Georgie's personal timeline, a place to collect and share things from Georgie's life.
Created by volleygirl12 on Sep 9, 2010
Last updated: 09/19/10 at 10:12 PM
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Whereas the late King James the Second, by the assistance of divers evil counsellors, judges, and ministers employed by him, did endeavour to subvert and extirpate the protestant religion, and the laws and liberties of this kingdom.
is a major English constitutional document that sets out specific liberties of the subject that the king is prohibited from infringing.
is a major English constitutional document that sets out specific liberties of the subject that the king is prohibited from infringing. The Petition of Right was produced by the English Parliament in the run-up to the English Civil War. It was passed by Parliament in May 1628, and given the royal assent by Charles I in June of that year. The Petition is most notable for its confirmation of the principles that taxes can be levied only by Parliament, that martial law may not be imposed in time of peace, and that prisoners must be able to challenge the legitimacy of their detentions through the writ of habeas corpus. The Petition's ban on the billeting of troops is reflected in the Third Amendment to the United States Constitution.
Charles was born in Dunfermline, the son of James I and Anne of Denmark, was born in 1600. He was made the Duke of York at the age of five and the Prince of Wales in 1616.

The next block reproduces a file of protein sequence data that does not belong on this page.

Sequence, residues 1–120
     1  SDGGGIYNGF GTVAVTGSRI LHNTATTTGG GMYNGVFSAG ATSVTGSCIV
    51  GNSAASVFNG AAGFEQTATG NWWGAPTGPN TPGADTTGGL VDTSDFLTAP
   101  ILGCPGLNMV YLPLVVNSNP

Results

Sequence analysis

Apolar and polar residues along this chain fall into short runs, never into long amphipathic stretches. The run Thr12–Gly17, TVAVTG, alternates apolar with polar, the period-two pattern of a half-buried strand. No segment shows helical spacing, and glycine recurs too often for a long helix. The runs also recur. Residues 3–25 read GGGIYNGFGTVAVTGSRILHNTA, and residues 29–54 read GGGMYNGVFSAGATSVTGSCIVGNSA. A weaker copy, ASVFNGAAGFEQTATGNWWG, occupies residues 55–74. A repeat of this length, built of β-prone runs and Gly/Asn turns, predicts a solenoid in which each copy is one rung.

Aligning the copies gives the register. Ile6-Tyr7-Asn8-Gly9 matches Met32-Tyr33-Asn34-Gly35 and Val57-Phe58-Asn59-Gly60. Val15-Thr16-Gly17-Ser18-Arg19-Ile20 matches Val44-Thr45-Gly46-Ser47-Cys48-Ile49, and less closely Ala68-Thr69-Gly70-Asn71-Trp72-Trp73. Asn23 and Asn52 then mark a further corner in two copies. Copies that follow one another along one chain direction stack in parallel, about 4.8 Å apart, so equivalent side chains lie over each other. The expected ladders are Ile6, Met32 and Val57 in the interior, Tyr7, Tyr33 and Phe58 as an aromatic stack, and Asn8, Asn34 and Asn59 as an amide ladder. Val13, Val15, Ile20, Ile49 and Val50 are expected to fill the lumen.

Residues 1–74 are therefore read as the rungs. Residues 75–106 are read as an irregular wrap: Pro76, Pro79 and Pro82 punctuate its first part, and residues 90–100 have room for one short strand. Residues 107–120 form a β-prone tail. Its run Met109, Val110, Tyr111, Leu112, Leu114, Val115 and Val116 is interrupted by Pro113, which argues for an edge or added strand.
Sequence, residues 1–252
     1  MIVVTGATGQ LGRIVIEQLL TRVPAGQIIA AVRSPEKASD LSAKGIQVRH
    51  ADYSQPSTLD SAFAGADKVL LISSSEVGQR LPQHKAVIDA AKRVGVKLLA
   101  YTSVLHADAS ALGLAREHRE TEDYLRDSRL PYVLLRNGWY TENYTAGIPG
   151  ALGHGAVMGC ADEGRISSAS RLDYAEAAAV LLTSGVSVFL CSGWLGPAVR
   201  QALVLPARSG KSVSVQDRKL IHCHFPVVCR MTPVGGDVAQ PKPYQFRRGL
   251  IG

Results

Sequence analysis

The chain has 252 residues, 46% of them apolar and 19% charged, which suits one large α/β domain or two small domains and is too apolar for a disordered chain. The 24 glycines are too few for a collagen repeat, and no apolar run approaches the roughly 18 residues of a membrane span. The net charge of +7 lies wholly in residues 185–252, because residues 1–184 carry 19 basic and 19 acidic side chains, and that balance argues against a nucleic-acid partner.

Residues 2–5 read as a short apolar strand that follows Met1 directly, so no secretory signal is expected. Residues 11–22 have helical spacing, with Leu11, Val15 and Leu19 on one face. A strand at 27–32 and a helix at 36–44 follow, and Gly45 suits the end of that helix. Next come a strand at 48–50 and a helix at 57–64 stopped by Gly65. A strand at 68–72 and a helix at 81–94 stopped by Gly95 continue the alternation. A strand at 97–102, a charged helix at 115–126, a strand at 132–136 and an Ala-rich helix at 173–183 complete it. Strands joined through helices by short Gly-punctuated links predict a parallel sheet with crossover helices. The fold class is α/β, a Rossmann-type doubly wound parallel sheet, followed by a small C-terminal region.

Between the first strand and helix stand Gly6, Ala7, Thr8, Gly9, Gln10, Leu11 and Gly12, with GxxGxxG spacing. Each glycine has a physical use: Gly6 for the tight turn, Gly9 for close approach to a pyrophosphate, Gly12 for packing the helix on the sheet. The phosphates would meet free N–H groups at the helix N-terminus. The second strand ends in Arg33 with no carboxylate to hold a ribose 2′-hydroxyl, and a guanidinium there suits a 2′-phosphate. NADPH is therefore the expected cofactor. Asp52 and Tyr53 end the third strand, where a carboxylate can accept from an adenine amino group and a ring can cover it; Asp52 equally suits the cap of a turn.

is an English charter and reissued later in the 13th century in modified versions which omit certain temporary provisions, including the most direct challenges to the monarch's authority. The charter first passed into law in 1225. The 1297 version, with the long title (originally in Latin) The Great Charter of the Liberties of England, and of the Liberties of the Forest, still remains on the statute books of England and Wales.
John (24 December 1167 – 19 October 1216) was King of England from 6 April 1199 until his death. John was the youngest of five sons of King Henry II of England and Eleanor, Duchess of Aquitaine, and was their second surviving son to ascend the throne; thus, he continued the line of Plantagenet or Angevin Kings of England. Prior to his accession, he was Earl of Cornwall and Gloucester, but this title merged into the Crown when he became King. John's oldest surviving brother, Richard, became king upon the death of their father in 1189, and John was made Count of Mortain (France). When Richard refused to honour their father's wishes and surrender Aquitaine to him as well, John staged a rebellion. The rebellion failed, and John lost all potential claims to lands in France. John acceded to the throne as the younger brother of King Richard I, who died without issue. During his lifetime John acquired two epithets. One was "Lackland" (French: Sans Terre), because, as his father's youngest son, he did not inherit land out of his family's holdings, and because as King he lost significant territory to France. The other was "Softsword" signifying his supposed lack of prowess in battle. Apart from entering popular legend as the enemy of Robin Hood, he is perhaps best-known for having acquiesced – to the barons of English nobility – to seal Magna Carta, a document which limited kingly power in England and which is popularly thought of as an early step in the evolution of limited government.